Chris Power’s debut novel, A Lonely Man ( Faber and Faber) gets a little tough to read in the middle due to the complexity of keeping pace with the Russian drama but as a literary construct trying to make sense of this very bizarre new world is fascinating. The clever literary device of distancing oneself from the actual action while naming very real names who have been at loggerheads with the Putin administration is very well done. It is an artifice that enables the narrator/ghostwriter to continually distance himself from the ugly world of Russian mafia and more. Yet, the unsettling ending to the novel leaves the reader gasping with the realisation that there is actually a very, very thin dividing line between reality and fiction.
Seriously, what is there not like about this debut novel. It has all the masala of a staid, boring, writer, a family man, who is pulled into telling the life story of another man, a ghostwriter. Roles are reversed and the original writer, Robert, who is facing writer’s block, suddenly recovers his writing abilities when trying to retell Patrick’s story. One that is unclear whether it is true or not but it is certainly fascinating. So while it has been established through the course of the novel that Robert himself can be prone to exaggeration while ghostwriting biographies that turned into bestsellers, it becomes increasingly hard to prove the truth of his current story. Robert claims to have been hired to ghostwrite the story of a Russian mafiosi, except that the man is discovered dead in a suspected suicide. Ever since then Robert has been on the run fearing for his life. The entire action of the plot takes place in Berlin and Sweden. Also, if one is familiar with the Russian exiles and more, as has trickled into many newspapers and documentaries, it makes this book much easier to read. But no harm done if you are unfamiliar with the names. It is just that then the reader will spend some excruciatingly distracting moments googling for the names.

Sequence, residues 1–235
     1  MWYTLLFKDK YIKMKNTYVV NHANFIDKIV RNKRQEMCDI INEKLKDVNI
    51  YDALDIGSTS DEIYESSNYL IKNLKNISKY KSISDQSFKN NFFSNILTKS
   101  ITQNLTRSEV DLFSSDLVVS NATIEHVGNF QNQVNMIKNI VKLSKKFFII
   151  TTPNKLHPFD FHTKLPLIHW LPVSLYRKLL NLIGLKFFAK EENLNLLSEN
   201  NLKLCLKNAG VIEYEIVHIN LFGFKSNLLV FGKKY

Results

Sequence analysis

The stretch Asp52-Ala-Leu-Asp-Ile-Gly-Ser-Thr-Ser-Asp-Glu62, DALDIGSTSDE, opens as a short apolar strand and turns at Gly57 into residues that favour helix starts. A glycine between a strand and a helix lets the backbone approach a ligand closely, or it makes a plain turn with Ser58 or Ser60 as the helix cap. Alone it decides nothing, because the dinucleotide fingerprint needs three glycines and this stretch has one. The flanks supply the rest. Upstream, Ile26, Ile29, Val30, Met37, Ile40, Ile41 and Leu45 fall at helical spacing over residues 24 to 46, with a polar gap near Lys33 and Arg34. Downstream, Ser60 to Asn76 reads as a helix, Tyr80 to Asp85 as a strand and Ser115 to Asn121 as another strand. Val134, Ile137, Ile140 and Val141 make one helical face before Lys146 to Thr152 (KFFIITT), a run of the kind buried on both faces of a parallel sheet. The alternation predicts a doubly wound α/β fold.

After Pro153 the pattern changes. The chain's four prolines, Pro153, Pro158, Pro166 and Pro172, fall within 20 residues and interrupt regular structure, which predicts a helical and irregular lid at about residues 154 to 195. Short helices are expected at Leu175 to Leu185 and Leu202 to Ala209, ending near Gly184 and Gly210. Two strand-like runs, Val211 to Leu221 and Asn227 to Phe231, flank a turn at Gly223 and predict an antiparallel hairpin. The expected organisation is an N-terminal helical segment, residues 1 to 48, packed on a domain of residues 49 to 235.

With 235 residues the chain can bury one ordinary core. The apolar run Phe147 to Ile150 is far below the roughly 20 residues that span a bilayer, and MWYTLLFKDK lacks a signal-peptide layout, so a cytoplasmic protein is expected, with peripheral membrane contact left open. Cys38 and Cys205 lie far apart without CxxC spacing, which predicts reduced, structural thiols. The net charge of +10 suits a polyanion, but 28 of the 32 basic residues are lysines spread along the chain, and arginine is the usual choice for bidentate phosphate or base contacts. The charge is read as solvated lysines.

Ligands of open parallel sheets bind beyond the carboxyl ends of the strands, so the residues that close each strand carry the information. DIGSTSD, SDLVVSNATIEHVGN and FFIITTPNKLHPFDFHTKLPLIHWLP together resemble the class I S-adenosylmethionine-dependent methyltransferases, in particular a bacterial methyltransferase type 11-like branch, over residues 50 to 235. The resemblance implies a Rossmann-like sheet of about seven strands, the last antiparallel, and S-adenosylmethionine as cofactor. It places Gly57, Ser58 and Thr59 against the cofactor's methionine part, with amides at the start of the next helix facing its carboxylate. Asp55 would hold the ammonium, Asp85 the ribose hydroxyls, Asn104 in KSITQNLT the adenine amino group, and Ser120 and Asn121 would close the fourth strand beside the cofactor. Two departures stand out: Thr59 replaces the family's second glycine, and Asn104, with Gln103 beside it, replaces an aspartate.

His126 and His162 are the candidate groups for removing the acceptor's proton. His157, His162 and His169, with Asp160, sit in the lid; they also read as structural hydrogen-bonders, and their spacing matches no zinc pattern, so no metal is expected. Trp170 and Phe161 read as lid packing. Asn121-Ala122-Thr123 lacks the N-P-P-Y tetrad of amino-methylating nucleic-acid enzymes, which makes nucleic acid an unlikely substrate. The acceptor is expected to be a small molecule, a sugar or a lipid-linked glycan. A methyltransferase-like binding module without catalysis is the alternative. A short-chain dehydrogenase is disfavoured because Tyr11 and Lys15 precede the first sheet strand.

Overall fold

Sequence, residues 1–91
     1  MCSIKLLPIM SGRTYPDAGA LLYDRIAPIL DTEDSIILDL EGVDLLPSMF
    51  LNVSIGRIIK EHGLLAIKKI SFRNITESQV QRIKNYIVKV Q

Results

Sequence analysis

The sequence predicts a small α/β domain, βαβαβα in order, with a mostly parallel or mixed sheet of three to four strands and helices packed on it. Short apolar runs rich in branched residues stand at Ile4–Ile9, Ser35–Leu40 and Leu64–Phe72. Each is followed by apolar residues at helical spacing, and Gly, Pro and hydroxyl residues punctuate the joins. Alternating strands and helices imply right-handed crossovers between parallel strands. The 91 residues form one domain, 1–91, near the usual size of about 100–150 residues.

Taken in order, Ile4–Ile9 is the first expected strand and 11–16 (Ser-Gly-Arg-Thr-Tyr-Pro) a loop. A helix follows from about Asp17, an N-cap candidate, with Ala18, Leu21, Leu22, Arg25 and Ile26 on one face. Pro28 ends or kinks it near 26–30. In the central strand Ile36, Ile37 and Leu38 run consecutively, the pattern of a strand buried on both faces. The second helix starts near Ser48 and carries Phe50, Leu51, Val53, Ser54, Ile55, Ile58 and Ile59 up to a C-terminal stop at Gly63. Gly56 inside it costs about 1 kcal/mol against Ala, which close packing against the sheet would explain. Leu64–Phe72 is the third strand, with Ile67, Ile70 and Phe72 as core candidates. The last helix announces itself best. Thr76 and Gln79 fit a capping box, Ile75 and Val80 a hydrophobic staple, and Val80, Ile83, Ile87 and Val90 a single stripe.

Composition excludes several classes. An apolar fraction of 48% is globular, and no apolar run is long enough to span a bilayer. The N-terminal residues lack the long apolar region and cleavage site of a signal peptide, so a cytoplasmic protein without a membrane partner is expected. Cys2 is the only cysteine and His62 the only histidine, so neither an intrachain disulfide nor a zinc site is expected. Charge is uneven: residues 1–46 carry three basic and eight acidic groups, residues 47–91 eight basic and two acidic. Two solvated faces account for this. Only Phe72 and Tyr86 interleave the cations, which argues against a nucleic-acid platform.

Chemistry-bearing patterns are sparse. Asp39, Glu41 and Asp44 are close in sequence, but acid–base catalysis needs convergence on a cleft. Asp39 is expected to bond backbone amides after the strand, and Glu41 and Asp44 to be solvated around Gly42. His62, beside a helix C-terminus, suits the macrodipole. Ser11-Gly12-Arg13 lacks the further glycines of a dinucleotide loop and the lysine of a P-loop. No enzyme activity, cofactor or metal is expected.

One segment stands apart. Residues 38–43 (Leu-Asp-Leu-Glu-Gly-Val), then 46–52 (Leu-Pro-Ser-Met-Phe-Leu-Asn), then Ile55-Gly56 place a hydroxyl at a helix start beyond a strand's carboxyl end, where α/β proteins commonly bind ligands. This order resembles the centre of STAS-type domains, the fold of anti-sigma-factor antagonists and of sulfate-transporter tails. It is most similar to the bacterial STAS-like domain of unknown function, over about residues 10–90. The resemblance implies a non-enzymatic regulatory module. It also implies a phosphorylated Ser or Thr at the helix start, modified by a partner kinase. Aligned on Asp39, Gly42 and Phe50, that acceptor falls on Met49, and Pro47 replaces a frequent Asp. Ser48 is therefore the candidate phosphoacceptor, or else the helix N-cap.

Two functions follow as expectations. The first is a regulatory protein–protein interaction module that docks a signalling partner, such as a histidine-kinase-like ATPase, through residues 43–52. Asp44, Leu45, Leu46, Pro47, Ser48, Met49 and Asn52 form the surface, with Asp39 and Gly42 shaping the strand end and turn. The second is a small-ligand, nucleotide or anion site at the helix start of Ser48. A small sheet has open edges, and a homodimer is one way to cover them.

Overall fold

This elegantly-told thriller, very gently turns a humdrum middle class reality into a sinister, dark world, and needs to be optioned for film pretty soon. Till then, read it. Enjoy it.
Update: Today, soon after, filing this short review of “A Lonely Man”, news broke that the US says Russian intelligence agencies were behind the poisoning of Alexey Navalny and will impose sanctions on multiple senior government officials.
It is at times like this that it becomes difficult to diffrentiate between truth and fiction. Alexey Navalny is one of the Russian figures mentioned in the novel, as being one of the severest critics of Putin and having to suffer consequences like many others have in the past.
1 March 2021